The invention, "Non-magnetic Cemented Carbide" is for making non-magnetic cemented carbide body by adding carbide forming metals other than titanium. For certain applications of the cemented carbide, a titanium containing part may not be acceptable. The manufacturers would have more freedom to make non-magnetic cemented carbide if they could use a variety of carbide forming metals, not only titanium metal. The manufacturers would also have a greater freedom in not only the manufacturing process, but also in tailoring better micro-structures of the said cemented carbides for certain applications.

BACKGROUND OF THE INVENTION

The invention, "Cemented Carbide with Minimal Amount of Binder Metal" involves cemented carbide bodies containing little or no metal binder. For certain applications, it is desirable for cemented carbide wear resistant parts and tools to have little binder metal. The earlier U.S. Pat. No. 4,945,073 is for binderless carbide made via a reaction sintering process using tungsten metal and carbon from a polymer, and U.S. Pat. No. 4,923,512 is for a binderless carbide made via a ROC (Rapid Omnidirectional Compaction) Process. This invention is for a product and for a process to make high quality cemented carbide bodies with low or no binder metal, without using high pressure.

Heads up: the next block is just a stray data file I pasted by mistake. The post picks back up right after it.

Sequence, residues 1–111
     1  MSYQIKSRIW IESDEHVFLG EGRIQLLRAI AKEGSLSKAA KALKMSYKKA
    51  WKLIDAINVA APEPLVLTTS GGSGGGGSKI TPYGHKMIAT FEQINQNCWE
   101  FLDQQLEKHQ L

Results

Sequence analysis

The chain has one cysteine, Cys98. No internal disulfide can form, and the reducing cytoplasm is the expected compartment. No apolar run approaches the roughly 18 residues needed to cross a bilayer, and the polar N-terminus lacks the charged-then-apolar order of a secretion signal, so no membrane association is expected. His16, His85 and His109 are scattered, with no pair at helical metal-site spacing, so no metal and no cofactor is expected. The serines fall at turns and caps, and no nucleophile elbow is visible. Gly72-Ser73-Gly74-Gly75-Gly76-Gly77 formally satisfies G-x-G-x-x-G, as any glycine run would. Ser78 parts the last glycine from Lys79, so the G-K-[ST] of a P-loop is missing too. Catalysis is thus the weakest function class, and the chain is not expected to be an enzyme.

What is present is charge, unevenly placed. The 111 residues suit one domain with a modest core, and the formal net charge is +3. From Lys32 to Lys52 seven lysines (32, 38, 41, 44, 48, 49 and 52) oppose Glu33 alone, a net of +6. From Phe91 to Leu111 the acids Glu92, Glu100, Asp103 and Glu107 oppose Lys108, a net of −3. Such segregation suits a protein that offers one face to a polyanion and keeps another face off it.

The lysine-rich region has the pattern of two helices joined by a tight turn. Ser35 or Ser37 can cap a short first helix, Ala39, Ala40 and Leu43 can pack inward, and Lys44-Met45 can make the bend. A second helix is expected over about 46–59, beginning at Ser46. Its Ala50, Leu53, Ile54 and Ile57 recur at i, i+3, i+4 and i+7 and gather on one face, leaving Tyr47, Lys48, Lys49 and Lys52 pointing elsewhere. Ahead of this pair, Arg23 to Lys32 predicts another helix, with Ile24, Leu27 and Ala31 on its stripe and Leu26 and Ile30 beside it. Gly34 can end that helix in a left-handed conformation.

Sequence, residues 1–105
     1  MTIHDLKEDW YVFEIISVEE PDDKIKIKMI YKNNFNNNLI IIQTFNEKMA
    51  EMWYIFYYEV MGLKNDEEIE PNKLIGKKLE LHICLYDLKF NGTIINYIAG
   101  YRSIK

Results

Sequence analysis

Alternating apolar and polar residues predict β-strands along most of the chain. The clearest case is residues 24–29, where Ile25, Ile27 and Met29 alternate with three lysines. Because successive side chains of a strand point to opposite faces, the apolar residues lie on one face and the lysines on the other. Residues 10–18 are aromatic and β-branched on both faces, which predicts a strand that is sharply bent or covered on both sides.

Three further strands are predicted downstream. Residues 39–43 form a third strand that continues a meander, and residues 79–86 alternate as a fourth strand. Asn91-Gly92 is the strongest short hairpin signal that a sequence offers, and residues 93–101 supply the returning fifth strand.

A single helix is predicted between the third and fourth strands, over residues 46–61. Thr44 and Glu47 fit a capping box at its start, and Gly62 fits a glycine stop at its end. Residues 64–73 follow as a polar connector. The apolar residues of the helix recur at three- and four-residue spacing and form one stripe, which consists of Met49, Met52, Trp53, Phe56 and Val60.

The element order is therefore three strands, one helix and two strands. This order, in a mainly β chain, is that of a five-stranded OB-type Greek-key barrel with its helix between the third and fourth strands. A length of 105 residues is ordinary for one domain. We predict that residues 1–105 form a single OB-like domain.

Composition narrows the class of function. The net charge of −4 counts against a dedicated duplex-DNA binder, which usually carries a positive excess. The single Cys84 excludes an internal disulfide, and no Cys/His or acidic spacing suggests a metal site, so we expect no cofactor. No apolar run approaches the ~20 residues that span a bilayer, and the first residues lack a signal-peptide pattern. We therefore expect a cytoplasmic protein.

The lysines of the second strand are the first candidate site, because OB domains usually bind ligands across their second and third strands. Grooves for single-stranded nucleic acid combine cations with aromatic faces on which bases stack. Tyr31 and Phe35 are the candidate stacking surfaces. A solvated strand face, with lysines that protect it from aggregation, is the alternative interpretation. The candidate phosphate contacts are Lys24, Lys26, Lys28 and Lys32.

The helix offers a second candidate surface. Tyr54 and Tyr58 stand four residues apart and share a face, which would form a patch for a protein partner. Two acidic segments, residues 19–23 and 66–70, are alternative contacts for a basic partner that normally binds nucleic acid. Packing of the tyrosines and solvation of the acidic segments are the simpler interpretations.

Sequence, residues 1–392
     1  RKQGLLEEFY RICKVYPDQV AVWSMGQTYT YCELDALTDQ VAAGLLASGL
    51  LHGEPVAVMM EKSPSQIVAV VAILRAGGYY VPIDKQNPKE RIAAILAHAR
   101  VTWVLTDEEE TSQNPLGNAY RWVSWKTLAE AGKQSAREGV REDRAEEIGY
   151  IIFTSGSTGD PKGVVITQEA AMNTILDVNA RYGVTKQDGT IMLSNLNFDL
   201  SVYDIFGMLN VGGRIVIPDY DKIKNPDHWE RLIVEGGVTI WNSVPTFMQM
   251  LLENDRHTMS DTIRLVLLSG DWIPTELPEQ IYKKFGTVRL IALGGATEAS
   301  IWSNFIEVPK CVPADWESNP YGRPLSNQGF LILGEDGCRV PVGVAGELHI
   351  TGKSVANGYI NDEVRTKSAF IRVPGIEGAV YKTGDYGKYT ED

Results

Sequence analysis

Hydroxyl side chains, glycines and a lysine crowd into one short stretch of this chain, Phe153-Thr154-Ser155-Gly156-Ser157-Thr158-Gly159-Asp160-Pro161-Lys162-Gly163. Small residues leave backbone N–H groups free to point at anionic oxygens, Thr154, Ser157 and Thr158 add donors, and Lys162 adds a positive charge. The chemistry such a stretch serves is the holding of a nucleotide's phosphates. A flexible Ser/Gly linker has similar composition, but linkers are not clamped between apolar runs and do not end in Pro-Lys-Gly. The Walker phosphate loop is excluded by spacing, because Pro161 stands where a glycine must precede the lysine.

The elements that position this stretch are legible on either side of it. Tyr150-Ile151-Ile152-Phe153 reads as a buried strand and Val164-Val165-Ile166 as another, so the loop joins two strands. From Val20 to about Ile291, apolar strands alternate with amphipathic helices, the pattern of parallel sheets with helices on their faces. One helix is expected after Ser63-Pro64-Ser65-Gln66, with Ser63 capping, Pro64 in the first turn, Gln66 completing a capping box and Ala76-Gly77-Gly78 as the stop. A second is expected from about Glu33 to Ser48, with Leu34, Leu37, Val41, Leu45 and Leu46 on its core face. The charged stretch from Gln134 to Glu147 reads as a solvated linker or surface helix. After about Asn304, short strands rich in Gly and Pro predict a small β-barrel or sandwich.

Concerning non-magnetic cemented carbide, cemented carbide with nickel binder can be converted to non-magnetic cemented carbide by adjusting the carbon amount: U.S. Pat. No. 3,918,138 is for adjusting the carbon in nickel base cemented carbide by adding titanium metal during the powder milling process. This invention is for adding carbide forming metal other than titanium metal, as well as metal carbides to make high quality products as well as necessary micro-structures.

DETAILED DESCRIPTION OF INVENTION